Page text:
"I did not show my paintings to anyone. From the age of twenty-six until I was nearly forty, I hid them in cupboards instead of food."

In 1952, Barbara Hepworth wrote to Patrick Hayman: "There are so many of your paintings that I would love to have...". The painter, Peter Lanyon, wrote: "I admire Pat’s courage that he believed his work will prove to be embracing... the most secret moments of our being."

"It is important," Hayman said, "to enter a world other than the visible one."

Most of the art and literature he cared for was rooted in the transcendental, in extra-terrestrial myth. "In symbolism," he said, "the boat or the voyager can mean the journey between one world and another. In fact, in all legends, the ‘night crossing’ means such."

"I stood at the airport. My plaits were dying silk worms. My father hovered, unfit for worldly affairs, bound in the still egg of a dream. In his long gabardine coat. His curls straggling on his collar. His smooth, olive face blurry and secretive. His mouth opulent. His gentle eyes bespectacled. He was frightened when he saw me, cleaving to the wall as if he wanted to escape. He had run from me all these years. We drove away in a black taxi.

"The tall, dark house was full of his paintings. I brought some of my paintings to show him. In a head-on collision we recognized each other’s queerly mapped territory. We wanted each other. Yet we rejected each other violently, each one aghast at the other’s likeness, each one turning away from the love offered."

Christina left London and her father's house several weeks later. They never saw each other again.

Having seen her paintings as well as her father's paintings, I can only surmise that perhaps he recognised something much more powerful than that space of "no feeling" he had chanced upon in New Zealand all those years ago - a memory of something more than a daughter - a piece of himself speaking back to himself in images so focused and powerful he could only turn away. It seems to me that her work is uncannily like his, only she painted it without any knowlege of his existence, and what she laid bare was more than her own soul. It was as if her work completed what he had struggled to make or find, and once sighted could not face.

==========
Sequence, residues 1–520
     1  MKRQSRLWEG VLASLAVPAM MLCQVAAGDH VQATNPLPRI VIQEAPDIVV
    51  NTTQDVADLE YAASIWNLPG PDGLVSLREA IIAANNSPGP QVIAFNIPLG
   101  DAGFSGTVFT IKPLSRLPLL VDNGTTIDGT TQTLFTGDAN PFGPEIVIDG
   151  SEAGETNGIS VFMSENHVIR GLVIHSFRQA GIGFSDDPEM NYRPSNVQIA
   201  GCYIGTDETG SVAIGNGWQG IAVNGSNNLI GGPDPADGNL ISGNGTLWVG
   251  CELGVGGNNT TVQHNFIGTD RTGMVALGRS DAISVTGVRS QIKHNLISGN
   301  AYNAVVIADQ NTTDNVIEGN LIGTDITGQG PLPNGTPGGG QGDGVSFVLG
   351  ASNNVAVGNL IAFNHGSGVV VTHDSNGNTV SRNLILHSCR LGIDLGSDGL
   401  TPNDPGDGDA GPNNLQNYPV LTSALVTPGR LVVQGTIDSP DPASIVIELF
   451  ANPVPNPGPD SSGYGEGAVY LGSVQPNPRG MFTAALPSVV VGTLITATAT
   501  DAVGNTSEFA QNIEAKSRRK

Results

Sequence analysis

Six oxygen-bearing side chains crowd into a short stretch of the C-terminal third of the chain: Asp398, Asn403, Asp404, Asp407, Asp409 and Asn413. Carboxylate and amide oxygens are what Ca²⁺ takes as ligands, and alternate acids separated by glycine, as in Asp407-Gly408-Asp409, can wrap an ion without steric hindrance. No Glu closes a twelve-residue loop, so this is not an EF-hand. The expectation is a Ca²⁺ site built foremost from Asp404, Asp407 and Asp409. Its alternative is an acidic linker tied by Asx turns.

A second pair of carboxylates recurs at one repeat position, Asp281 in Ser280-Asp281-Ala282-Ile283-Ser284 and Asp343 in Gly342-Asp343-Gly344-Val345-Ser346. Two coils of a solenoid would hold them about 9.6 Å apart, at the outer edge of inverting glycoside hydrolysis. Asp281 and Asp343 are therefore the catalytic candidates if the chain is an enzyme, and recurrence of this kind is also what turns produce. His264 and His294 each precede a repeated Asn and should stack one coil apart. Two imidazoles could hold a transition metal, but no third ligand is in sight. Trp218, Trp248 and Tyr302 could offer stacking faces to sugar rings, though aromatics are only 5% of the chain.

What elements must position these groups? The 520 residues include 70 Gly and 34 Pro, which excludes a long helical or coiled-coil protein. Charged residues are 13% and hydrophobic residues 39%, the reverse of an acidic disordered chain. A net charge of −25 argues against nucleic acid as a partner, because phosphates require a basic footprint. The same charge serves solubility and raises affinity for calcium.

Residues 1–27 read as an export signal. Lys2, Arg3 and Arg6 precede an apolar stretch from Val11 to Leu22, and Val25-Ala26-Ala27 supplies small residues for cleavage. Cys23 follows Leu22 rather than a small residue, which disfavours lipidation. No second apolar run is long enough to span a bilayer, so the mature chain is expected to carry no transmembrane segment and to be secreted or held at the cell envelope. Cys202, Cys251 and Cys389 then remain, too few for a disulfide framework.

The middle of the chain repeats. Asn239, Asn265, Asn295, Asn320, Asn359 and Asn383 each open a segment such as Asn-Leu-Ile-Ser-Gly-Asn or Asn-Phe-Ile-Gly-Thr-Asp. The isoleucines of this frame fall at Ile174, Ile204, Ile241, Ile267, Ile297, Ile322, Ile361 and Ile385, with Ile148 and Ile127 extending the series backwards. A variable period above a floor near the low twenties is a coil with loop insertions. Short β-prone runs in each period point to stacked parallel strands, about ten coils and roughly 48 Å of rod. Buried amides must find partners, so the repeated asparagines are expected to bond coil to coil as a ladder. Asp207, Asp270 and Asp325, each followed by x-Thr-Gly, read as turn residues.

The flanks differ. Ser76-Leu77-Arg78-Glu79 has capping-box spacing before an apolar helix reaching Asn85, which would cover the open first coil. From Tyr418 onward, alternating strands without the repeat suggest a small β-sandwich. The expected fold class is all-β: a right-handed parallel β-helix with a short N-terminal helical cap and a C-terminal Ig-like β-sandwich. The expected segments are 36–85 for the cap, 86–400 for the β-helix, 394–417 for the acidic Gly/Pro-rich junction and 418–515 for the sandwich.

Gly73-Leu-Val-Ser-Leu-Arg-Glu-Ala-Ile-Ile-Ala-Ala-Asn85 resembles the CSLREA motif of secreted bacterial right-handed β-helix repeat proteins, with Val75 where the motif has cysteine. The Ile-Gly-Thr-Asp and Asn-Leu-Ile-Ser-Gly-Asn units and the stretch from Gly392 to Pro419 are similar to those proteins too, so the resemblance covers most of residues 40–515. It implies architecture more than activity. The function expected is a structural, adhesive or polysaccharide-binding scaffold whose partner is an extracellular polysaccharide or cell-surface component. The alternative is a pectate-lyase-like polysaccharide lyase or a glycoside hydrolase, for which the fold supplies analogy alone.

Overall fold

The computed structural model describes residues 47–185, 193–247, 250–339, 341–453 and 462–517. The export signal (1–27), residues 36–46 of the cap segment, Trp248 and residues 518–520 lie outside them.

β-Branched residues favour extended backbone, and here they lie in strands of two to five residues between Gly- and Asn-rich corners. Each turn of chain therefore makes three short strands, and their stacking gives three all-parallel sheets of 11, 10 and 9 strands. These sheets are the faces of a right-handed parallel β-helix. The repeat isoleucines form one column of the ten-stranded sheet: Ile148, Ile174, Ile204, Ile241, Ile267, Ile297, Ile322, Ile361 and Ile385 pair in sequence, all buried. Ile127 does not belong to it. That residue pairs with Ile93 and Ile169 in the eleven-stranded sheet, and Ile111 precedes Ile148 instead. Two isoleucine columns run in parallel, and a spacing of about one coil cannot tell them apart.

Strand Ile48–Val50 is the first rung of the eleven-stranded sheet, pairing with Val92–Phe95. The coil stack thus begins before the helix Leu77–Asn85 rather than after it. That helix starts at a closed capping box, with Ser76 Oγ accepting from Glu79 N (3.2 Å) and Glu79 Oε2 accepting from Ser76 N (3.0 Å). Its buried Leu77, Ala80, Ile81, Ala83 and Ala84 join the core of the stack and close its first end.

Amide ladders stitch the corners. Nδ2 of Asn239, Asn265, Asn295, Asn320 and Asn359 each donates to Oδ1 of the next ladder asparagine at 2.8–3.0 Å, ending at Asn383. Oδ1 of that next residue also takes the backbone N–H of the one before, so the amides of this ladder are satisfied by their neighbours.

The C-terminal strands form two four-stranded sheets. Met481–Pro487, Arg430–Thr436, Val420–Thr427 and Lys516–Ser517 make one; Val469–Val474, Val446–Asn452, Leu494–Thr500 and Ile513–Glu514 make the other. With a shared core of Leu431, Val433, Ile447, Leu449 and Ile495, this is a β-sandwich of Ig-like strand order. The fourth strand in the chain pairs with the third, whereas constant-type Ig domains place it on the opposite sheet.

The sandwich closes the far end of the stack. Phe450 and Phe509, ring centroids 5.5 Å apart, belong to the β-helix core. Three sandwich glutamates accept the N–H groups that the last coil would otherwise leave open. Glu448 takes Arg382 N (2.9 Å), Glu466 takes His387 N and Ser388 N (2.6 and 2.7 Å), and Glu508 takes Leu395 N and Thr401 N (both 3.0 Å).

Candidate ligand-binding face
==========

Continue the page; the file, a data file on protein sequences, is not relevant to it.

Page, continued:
The impact that this had on Conrad and continues to have haunts much of her painting and scultures, not to mention her poetry. It is certainly present in a poem that she wrote many years after Patrick's death:


you came too late
a mound of anger had grown
over heart’s divided chamber

i waited for you
bound in the skin shroud
of life – death

i called your name
when I was laid
on a backstreet abortionist’s table

i called your name
when they tore out my ovary

i called your name
when I fell through a glass house

i called your name
when I slashed my wrists

i called your name
when my blood
shot into the sky
in a black fountain

you came too late
a mound of anger had grown
over heart’s divided chamber

To read more poems by Christina Conrad, visit her website at http://christinaconrad.webs.com/poems.htm


Copyright © 2011 Billy Marshall Stoneking

Born in Orlando, Florida, the only son of two wandering West Virginians, he left the States in 1972 in response to all the bumper stickers that said, "America: Love It Or Leave It".

He has written in various forms, including poetry, plays, fiction, screenplays, historical non-fiction, and criticism. His published work includes the modern-day Australian poetry classic, Singing the Snake (Harper/Collins, 1990); and the equally good though less-classic, Lasseter : In Quest of Gold (Hodder & Stoughton, 1989). Taking America Out of the Boy, an irreverent auto-fictography, was published by Hodder Spectrum in 1993.

His first full-length play, Sixteen Words For Water (published by Harper/Collins in 1991), which offers a dramatic exploration of Pound's time in the nuthouse and his relationship with tribal Aboriginal people, has enjoyed several successful productions, including seasons in Dublin, London, the Berkshires (Massachusetts), San Diego (California), Sydney, Melbourne, Perth, Hobart, Dunedin (NZ).

In the late 1980s, Billy was series writer on Paramount Television's Mission:Impossible, and was creator/writer of the award-winning ABC-TV drama series, Stringer.

Much of his work has been influenced, and continues to be influenced by his long association with tribal Aboriginal people. From 1978 to 1983, he lived and worked at Papunya Aboriginal Settlement (275 kms west of Alice Springs, N.T.) where he collected and published stories and other materials in the local dialect [Pintupi/Luritja] for use in the Papunya outstations’ bi-lingual reading programme.